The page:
Three times during the quarter and once at the time of the final exam, we will give you a programming assignment that you must complete in a short (24-48 hours) time frame without any help from other people, including the course staff. The final exam is cumulative, with three sections that each correspond to the material from one of the in-quarter exams. Your score on the assessment for a “third” of the course is the maximum of your score on that in-quarter exam and that part on the final. The scores on assessments are 0, 1, and 2, with the same meanings as for programming assignments.
- On the three in-quarter exams you score 1, 0, and 2 (you miss the second). On the final exam you score 2, 1, and 0 on the three parts. Your assessment scores are 2, 1, 2, sufficient for a B, but not an A.
- On the three in-quarter exams you score 2, 2, and 2. You skip the final so your scores are 0, 0, 0. Your assessment scores are 2, 2, 2, sufficient for an A.
- On the three in-quarter exams you score 1, 1, and 1. On the final you score 2, 2, 2. Your assessment scores are 2, 2, 2, sufficient for an A.
This grading policy also forms the missed exam policy – if you miss an in-quarter exam, you can make up that credit on the final. If you miss the final, your in-quarter exam scores will be used. Late work on exams or make-up exams will not be offered.
You can use any resources, notes, readings, and past code from the course to help in addition to Web-based resources. Along with submitting the program, you will record a short video of yourself presenting the program you wrote, demonstrating its behavior and your understanding. We’ll give some opportunities for practice with this process, and much more detailed instructions with the exam release.
We do not expect that the programming work and recording will take a full day of constant work. The tasks will be significantly shorter than the PAs, so this should only take a few hours. We give the broad range to give you the best chance to schedule some quiet, focused time to do the work and record the presentation.
It’s worth explaining why we are using this mechanism. There are at least two reasons:
- Presenting your code, and demonstrating it via screenshare, is a really important skill and shows us a lot of your learning. Getting practice with this style of presentation is a good thing for you to learn in general and a rich way for us to assess your skills.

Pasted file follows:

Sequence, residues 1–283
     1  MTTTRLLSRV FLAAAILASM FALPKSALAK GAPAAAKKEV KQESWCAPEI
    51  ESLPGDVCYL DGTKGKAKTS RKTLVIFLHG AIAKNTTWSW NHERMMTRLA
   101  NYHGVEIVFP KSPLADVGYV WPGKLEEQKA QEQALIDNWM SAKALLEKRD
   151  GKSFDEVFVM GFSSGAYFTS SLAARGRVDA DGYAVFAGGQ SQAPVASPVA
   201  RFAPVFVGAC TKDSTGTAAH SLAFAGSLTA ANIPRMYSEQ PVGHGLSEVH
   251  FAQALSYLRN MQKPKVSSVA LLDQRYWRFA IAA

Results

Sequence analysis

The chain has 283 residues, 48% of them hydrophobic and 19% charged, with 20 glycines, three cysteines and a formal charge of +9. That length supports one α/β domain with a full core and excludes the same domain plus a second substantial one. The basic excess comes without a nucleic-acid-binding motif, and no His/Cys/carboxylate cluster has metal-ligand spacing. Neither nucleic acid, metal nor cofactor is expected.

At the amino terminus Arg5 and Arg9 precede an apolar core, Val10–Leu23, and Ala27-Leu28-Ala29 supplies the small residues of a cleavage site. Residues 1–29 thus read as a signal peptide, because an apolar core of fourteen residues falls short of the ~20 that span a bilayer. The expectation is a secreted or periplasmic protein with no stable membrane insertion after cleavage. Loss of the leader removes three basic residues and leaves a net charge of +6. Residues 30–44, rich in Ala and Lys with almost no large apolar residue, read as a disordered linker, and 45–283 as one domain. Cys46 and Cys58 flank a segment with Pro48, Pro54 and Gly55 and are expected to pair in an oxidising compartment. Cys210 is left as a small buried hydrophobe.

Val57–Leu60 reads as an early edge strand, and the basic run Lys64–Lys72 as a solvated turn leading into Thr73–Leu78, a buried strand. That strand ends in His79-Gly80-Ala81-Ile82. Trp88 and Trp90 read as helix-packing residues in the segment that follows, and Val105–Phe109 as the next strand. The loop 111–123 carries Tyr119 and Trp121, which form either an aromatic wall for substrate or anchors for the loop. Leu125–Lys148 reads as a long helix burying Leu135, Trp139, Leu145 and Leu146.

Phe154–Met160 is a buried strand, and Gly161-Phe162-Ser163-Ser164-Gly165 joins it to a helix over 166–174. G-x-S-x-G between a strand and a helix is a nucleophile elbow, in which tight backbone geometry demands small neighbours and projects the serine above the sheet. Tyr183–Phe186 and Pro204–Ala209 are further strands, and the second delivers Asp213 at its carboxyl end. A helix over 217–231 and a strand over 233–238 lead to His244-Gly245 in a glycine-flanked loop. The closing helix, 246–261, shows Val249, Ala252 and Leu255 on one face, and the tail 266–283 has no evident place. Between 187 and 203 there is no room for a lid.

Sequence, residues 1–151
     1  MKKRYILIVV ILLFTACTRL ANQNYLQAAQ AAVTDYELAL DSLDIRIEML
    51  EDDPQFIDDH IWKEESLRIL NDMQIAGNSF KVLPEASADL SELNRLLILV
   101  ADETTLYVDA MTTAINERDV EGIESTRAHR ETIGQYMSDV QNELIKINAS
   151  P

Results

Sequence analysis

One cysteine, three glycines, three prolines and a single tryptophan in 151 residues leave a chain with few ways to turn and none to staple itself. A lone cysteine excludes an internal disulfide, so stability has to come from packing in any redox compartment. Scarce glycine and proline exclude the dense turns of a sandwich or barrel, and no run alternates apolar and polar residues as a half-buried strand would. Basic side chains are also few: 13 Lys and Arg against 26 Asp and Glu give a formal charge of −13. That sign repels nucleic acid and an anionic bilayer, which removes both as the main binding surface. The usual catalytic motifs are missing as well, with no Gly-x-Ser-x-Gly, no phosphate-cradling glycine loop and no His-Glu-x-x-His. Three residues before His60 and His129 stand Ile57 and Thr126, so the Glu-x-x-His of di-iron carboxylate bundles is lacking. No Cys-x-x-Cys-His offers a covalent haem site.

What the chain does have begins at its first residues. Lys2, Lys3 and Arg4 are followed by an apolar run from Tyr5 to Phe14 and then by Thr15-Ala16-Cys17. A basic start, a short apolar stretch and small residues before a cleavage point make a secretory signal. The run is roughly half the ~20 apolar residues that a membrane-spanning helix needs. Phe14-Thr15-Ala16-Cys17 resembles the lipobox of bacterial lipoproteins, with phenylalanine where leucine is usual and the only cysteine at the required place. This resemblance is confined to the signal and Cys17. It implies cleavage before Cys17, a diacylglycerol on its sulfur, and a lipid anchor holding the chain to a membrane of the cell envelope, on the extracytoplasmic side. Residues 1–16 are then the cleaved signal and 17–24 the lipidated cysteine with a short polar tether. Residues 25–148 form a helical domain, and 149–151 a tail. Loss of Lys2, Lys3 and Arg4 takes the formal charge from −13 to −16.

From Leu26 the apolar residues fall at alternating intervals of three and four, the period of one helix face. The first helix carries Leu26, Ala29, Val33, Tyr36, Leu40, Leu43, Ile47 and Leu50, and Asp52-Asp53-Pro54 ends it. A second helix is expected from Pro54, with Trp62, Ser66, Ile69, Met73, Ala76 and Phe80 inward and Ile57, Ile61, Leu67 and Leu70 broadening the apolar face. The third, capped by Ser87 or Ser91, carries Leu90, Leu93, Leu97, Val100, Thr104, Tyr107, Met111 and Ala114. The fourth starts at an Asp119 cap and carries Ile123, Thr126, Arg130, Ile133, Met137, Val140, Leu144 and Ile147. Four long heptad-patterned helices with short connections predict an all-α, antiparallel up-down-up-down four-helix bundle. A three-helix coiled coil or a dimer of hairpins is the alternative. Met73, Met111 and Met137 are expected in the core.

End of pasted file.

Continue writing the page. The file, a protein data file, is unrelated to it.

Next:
- The main thing that in-person, on-paper exams let us do is easily verify that it is in fact you, the student, completing a major assessment. We can similarly do so with a video.
Individual assignments will describe their academic integrity requirements. You should pay attention to the descriptions of what collaboration is allowed and expected on each assignment.
One challenge we face as an instructional team is verifying that students are submitting their own work given the number of remote and asynchronous options we provide. In the past, we relied on in-person, ID-checked exams to mitigate this particular challenge to academic integrity. Assignments and exams will come with specific policies for what types of collaboration is allowed, but we have one course-wide policy – we may reach out to students to schedule a check-in on their understanding of work they’ve submitted if we’re suspicious about an academic integrity violation. This would involve a videoconference with a TA or instructor to check that the student has the understanding demonstrated by their work. This is in addition to any video screencasts that are submitted as a part of the exam.
We don’t expect to use this option much (certainly you are a student that acts with integrity!), but we state it clearly in the syllabus in case it becomes necessary so it isn’t a surprise to anyone.
You should be familiar with the UCSD guidelines on academic integrity as well.
Mistakes sometimes occur in grading. Once grades are posted for an assignment, we will allow a short period for you to request a fix (announced along with grade release). If you don’t make a request in the given period, the grade you were initially given is final.
Diversity and Inclusion
We are committed to fostering a learning environment for this course that supports a diversity of thoughts, perspectives and experiences, and respects your identities (including race, ethnicity, heritage, gender, sex, class, sexuality, religion, ability, age, educational background, etc.). Our goal is to create a diverse and inclusive learning environment where all students feel comfortable and can thrive.
Our instructional staff will make a concerted effort to be welcoming and inclusive to the wide diversity of students in this course. If there is a way we can make you feel more included please let one of the course staff know, either in person, via email/discussion board, or even in a note under the door. Our learning about diverse perspectives and identities is an ongoing process, and we welcome your perspectives and input.
We also expect that you, as a student in this course, will honor and respect your classmates, abiding by the UCSD Principles of Community (https://ucsd.edu/about/principles.html). Please understand that others’ backgrounds, perspectives and experiences may be different than your own, and help us to build an environment where everyone is respected and feels comfortable.
If you experience any sort of harassment or discrimination, please contact the instructor as soon as possible. If you prefer to speak with someone outside of the course, please contact the Office of Prevention of Harassment and Discrimination: https://ophd.ucsd.edu/.
Consent to Participate in Educational Research